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Pearl Jam’s Stone Gossard is one of many guitarists reflecting on the career and influence of Eddie Van Halen since his death on October 6.

In a recent interview on Talkin’ Rock with Meltdown, Gossard said when asked if Van Halen had any influence on his playing, “You know, not that much on my guitar playing, in general, because he was so good and I’m a hack. Those two worlds don’t necessarily meet. But his band and the influence of his band and his on playing on Pearl Jam and the world of music and rock and roll, in general…it’s hard to overstate how important Van Halen was and how original they were.”

He continued, “It’s an unbelievable combination of elements that Eddie brought together. The dance aspect of that band, the heaviness aspect of that band, the joy and the humor of that band. The irreverence and just the sheer badass-ness of how they could come out and dominate an arena and/or a stadium. I mean, there’s really no one better. You could never go on after Van Halen. It would never work. There are very few bands…you don’t want to go on after Rage Against the Machine, and you don’t want to go on after Van Halen.”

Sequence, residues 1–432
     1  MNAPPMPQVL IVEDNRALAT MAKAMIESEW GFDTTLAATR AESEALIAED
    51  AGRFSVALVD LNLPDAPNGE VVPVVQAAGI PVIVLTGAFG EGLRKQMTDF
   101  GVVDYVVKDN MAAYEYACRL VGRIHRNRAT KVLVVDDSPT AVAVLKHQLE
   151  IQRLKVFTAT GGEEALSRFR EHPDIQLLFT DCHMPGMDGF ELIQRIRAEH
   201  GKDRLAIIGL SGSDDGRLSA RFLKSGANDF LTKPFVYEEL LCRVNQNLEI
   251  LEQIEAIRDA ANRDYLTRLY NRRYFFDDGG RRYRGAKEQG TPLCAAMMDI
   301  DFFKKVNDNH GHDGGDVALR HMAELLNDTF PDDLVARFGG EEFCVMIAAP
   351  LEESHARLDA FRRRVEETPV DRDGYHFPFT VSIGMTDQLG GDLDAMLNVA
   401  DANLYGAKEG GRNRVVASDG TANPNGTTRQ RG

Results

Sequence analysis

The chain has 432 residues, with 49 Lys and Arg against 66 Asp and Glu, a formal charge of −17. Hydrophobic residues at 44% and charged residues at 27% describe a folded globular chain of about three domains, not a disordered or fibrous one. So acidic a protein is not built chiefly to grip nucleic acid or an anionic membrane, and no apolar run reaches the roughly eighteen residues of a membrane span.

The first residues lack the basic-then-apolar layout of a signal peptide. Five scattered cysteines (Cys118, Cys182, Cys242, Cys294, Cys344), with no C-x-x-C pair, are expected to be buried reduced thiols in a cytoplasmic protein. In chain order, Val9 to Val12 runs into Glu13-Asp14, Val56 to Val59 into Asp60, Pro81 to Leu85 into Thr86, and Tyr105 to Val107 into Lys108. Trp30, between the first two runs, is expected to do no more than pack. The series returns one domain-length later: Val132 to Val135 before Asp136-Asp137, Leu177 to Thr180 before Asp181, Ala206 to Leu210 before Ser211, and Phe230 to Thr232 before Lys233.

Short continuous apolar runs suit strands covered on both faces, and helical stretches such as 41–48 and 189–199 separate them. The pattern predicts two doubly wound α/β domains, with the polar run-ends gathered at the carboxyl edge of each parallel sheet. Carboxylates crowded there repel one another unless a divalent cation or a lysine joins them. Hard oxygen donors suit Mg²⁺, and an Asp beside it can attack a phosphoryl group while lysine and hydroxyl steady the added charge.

Gossard also reflected on Van Halen’s early days in the late ’70s saying, “I saw them play quite a few times. Everyone in the Jeff [Ament], Eddie [Vedder] and Mike [McCready] all saw Van Halen in ’78, ’79 during their first and second record, sort of smaller venues, opening up for Black Sabbath. I mean, can you imagine that? A lethargic Black Sabbath being blown off the stage by Van Halen every night, who were the young, hot California guys that had so much energy they probably couldn’t contain themselves?”

He continued, “That was probably a wake-up call for Black Sabbath, although I love Black Sabbath. Like I said, it’s hard to overstate how big Van Halen is to rock and roll and the legacy of American rock.”

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Erica Banas is a rock/classic rock news blogger who's well-versed in etiquette and extraordinarily nice. #TransRightsAreHumanRights